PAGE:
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The Intersection of Vulnerability and Human Trafficking

The Intersection of Vulnerability and Human Trafficking. Starting with 2018, modern slavery cast its sinister shadow across the globe, with its grip tightening most relentlessly in Africa, followed by Asia and the Pacific region. Within these regions, the hot spots for modern slavery were identified as West Africa and South Asia, with harrowing numbers of individuals living in servitude. While governance issues, disenfranchisement, and numerous factors contribute to this dire situation, armed conflict, state-sponsored forced labor, and forced marriages remain primary drivers behind the estimated 9.2 million Africans who endure modern slavery.

In South Asia, India stands out with a grim distinction, holding the largest “absolute” number of people in modern slavery, with nearly 8 million individuals ensnared in its web. This is followed by Pakistan (3.2 million), Bangladesh (592,000), and Nepal (171,000). Among these numbers, members of historically oppressed castes and tribes in South Asia are particularly at risk. These marginalized groups are plagued by inadequate access to healthcare, limited social benefits, abysmal working and living conditions, and low literacy rates, making them highly vulnerable to exploitation.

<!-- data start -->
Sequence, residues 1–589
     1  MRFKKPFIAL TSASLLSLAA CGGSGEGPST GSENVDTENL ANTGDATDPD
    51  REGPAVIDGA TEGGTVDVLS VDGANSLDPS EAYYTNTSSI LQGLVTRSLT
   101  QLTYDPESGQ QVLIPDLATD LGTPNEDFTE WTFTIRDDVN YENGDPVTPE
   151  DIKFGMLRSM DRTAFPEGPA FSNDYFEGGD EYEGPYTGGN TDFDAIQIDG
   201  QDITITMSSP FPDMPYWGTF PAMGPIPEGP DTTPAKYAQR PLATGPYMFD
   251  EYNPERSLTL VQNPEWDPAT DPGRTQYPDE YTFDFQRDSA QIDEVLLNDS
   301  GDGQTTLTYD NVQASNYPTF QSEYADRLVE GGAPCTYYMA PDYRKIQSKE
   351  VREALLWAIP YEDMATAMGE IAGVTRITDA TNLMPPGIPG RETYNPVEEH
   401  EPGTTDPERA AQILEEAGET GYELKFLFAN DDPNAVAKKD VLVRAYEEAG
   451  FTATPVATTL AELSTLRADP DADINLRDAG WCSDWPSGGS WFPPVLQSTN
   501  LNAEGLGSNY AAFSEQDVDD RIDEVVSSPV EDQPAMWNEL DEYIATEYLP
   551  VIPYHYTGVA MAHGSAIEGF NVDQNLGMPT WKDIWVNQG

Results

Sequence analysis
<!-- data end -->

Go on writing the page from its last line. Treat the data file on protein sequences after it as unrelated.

The Intersection of Vulnerability and Human Trafficking

West Africa and South Asia are also characterized by stark economic disparities, with a significant portion of the population, especially the youth, trapped in poverty or struggling with unemployment and underemployment. These regions are home to marginalized groups who not only grapple with economic barriers but also face discrimination and social exclusion, factors that further heighten their vulnerability to modern slavery.

Tragically, these modern slavery hot spots are also the primary source regions from which migrants are trafficked to countries like the UAE. The UAE, with its history of human rights violations and a concerning tendency to downplay the relationship between human trafficking and migrant rights abuse, often finds itself implicated in this grim narrative.

The UAE’s history of downplaying these issues has drawn the attention of international human rights organizations and advocates who call for transparency, accountability, and justice. By acknowledging the links between modern slavery, human trafficking, and migrant rights abuse, the UAE can make meaningful changes, reinforcing its commitment to upholding human rights and ensuring the safety and well-being of all who reside and work within its borders.

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